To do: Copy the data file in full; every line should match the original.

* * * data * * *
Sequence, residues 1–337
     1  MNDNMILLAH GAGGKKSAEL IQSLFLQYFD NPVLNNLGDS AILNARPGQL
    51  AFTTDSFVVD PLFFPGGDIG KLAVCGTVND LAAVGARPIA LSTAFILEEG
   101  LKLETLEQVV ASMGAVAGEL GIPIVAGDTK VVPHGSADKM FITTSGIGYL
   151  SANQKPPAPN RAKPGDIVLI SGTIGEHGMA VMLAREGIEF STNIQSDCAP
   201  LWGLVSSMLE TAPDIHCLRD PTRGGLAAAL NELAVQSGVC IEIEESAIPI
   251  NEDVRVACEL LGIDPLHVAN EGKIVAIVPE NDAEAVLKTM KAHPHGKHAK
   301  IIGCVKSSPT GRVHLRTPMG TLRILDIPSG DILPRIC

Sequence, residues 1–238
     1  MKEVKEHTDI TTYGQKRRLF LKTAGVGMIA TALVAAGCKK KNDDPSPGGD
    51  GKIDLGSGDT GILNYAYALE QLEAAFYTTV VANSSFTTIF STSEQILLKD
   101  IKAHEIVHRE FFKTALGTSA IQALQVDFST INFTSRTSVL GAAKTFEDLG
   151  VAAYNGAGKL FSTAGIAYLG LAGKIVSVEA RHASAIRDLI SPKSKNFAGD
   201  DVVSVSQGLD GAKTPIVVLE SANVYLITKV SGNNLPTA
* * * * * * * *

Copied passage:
Sequence, residues 1–337
     1  MNDNMILLAH GAGGKKSAEL IQSLFLQYFD NPVLNNLGDS AILNARPGQL
    51  AFTTDSFVVD PLFFPGGDIG KLAVCGTVND LAAVGARPIA LSTAFILEEG
   101  LKLETLEQVV ASMGAVAGEL GIPIVAGDTK VVPHGSADKM FITTSGIGYL
   151  SANQKPPAPN RAKPGDIVLI SGTIGEHGMA VMLAREGIEF STNIQSDCAP
   201  LWGLVSSMLE TAPDIHCLRD PTRGGLAAAL NELAVQSGVC IEIEESAIPI
   251  NEDVRVACEL LGIDPLHVAN EGKIVAIVPE NDAEAVLKTM KAHPHGKHAK
   301  IIGCVKSSPT GRVHLRTPMG TLRILDIPSG DILPRIC

Sequence, residues 1–238
     1  MKEVKEHTDI TTYGQKRRLF LKTAGVGMIA TALVAAGCKK KNDDPSPGGD
    51  GKIDLGSGDT GILNYAYALE QLEAAFYTTV VANSSFTTIF STSEQILLKD
   101  IKAHEIVHRE FFKTALGTSA IQALQVDFST INFTSRTSVL GAAKTFEDLG
   151  VAAYNGAGKL FSTAGIAYLG LAGKIVSVEA RHASAIRDLI SPKSKNFAGD
   201  DVVSVSQGLD GAKTPIVVLE SANVYLITKV SGNNLPTA